Certain antiseptic mouthwashes can raise blood pressure, increasing the risk of heart attacks and stroke, new British research reveals.
Mouthwash containing the powerful antiseptic chlorhexidine can kill off ‘good’ bacteria that help blood vessels relax, the (UK) Daily Mail reports. Healthy volunteers who used Crosodyl mouthwash, which contains chlorhexidine , experienced a blood pressure rise within hours. Professor Amrita Ahluwalia, of Queen Mary University in London, who led the study, said killing off so many beneficial bacteria is a “disaster” because “small rises in blood pressure have significant impact on morbidity and mortality from heart disease and stroke.” The research was published in the journal Free Radical Biology And Medicine.
The mouthwash studied contains chlorhexidine, which kills the microbes that help create nitrite, essential for the blood vessels to dilate properly. The chlorhexidine mouthwash caused nitrite production in the mouth to fall by over 90 per cent, and blood nitrite to fall by 25 per cent. The study compared blood pressure levels in 19 healthy volunteers who started using Corsodyl twice daily. Their blood pressure rose by between 2 and 3.5 units (mmgh), according to the Daily Mail, and the researchers reported that this effect appeared within one day of using the mouthwash. For each two-point rise in blood pressure, the risk of dying from heart disease rises by seven per cent, according to separate research, and such increases raise the risk of stroke by 10 percent.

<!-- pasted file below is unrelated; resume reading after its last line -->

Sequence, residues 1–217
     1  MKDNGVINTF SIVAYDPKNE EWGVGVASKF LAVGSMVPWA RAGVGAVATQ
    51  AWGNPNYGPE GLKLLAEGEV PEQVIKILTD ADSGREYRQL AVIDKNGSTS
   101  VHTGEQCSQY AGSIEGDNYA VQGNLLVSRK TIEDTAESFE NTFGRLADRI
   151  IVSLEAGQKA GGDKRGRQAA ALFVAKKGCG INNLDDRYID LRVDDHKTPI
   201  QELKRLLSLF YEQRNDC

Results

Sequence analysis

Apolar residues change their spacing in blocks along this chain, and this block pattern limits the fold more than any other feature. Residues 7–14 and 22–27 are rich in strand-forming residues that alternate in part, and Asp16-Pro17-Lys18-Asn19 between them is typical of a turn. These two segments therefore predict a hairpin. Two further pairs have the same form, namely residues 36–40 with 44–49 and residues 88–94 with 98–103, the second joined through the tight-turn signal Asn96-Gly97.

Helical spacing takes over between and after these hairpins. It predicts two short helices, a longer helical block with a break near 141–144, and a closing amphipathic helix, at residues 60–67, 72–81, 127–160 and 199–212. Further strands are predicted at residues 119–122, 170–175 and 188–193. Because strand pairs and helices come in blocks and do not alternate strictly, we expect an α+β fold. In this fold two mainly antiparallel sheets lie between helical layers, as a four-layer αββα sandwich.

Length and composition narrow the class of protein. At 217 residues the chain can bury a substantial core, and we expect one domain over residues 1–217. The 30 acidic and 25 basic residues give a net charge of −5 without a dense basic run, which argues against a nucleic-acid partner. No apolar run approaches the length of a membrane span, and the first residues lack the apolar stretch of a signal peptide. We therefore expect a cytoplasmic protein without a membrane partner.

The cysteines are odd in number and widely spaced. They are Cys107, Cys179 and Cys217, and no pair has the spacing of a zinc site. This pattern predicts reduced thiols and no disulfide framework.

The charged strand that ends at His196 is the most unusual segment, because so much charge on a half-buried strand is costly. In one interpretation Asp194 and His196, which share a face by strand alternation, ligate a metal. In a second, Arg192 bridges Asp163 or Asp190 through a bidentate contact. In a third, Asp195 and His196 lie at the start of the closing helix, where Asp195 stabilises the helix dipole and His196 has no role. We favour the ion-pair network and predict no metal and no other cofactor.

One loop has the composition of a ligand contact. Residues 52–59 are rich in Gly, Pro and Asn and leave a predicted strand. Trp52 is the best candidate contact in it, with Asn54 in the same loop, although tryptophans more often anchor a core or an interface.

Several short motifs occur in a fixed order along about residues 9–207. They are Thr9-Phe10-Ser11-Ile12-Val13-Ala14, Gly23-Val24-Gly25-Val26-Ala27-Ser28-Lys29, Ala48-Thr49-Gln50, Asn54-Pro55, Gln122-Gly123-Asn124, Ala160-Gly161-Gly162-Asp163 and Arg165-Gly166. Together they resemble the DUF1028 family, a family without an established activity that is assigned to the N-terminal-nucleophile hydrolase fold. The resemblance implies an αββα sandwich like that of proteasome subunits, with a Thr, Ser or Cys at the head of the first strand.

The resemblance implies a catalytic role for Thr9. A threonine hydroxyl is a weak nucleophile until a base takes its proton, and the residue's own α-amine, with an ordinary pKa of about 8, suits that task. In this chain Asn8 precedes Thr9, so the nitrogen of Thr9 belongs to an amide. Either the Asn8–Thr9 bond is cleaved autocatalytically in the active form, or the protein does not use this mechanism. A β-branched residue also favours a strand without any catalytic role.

The researchers say these mouthwashes are useful on a short-term basis to treat tooth or gum infection, but consumers should be cautious about using them on a daily basis. Because chlorhexidine mouthwash can cause tooth discoloration, in the U.S. it is available by prescription so that a dentist can monitor staining, according to the Food and Drug Administration (FDA).